Expert Testimony does not Support Obviousness

The CAFC also agreed with the PTAB that the expert testimony did not support the position that a POSITA would find implicit disclosure of a blue LED in Longobardi. It noted that none of the expert, Dr. Jiao's, expert testimony "actually addresses the state of the art of blue LEDs in 1992," which Haag-Streit had acknowledged being relevant in the determination of implicit disclosure.

Haag-Streit argued that this determination that "none of Dr. Jiao's testimony supports the contention that Longobardi implicitly discloses a blue LED" was inconsistent with findings in the PTAB's Institution Decision. But the CAFC noted that "the Board is not bound by any findings made in its Institution Decision." Even so, it also disagreed with the premise, finding that the decision only mentions Dr. Jiao "[taking] the position that one of ordinary skill in the art would view Longobardi as at least implicitly teaching or suggesting the use of a blue LED to generate blue light energy," but that Eidolon's expert created an issue of material fact a POSITA would not have used a blue LED for medical use.

Haag-Streit did not Carry its Burden to Establish the Existence of Capable Blue LEDs

The CAFC also agreed with the PTAB's final finding that Haag-Streit had not carried its burden in establishing that "a blue LED with sufficient power output to cause sodium fluorescein to fluoresce existed as of February 5, 1992." On the other hand, Eidolon presented expert testimony conveying that "blue light energy suitable for diagnostic medical applications such as retinal angiography simply did not exist."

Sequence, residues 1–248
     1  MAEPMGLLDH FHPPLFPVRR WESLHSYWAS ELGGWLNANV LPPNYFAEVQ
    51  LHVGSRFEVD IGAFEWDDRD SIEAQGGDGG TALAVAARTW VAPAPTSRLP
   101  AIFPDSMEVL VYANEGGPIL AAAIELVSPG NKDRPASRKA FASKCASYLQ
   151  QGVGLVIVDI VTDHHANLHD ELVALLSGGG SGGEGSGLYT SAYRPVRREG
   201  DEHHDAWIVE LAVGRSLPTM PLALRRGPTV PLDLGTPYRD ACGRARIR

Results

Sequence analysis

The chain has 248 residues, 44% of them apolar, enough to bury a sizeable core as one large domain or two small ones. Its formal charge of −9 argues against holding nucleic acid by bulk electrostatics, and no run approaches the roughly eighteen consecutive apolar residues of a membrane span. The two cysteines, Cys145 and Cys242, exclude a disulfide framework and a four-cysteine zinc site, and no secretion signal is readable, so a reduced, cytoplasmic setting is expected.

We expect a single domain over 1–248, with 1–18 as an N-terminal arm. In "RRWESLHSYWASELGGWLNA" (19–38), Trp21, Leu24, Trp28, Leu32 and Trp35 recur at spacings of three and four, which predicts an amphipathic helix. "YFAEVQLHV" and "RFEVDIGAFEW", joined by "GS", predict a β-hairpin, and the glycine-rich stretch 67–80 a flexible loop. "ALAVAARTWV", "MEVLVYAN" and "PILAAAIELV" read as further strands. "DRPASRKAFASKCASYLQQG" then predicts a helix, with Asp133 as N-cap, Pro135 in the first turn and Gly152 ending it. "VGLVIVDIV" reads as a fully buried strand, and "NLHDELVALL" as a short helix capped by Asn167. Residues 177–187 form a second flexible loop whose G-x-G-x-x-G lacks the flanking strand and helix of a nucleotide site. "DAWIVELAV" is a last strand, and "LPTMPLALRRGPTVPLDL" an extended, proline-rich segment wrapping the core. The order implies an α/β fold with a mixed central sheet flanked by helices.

While Haag-Streit pointed to three different references to challenge Eidolon's expert testimony, the CAFC noted that the relevant inquiry was whether blue LED with sufficient power output to cause sodium fluorescein to fluoresce existed. It looked to the PTAB's observation that Dr. Jiao admitted that he did not know the specific amount of power output needed for an LED to cause sodium fluorescein to fluoresce and that without knowing the power requirement, Haag-Streit could not have carried its burden in proving the existence of the blue LED from the '394 patent.

Conclusion

Haag-Streit is an interesting nonobviousness case because it involves material from a reference that may not have been a focus of the drafter's mind when they drafted the utility application. While the Longobardi reference disclosed the use of LEDs, the main Figure 1 did not include LEDs, and it appears that the PTAB saw them as a kind of "covering bases" strategy. It is important for drafters broadening beyond the inventor's specific embodiment to think about the current POSITA to determine if they would be enabled to practice the invention. That means that if the alternative embodiment employs non-industry standard techniques, the detailed description should provide details on how the alternative embodiment would be able to function, in this case, receive sufficient power from a blue LED to perform the fluorescence.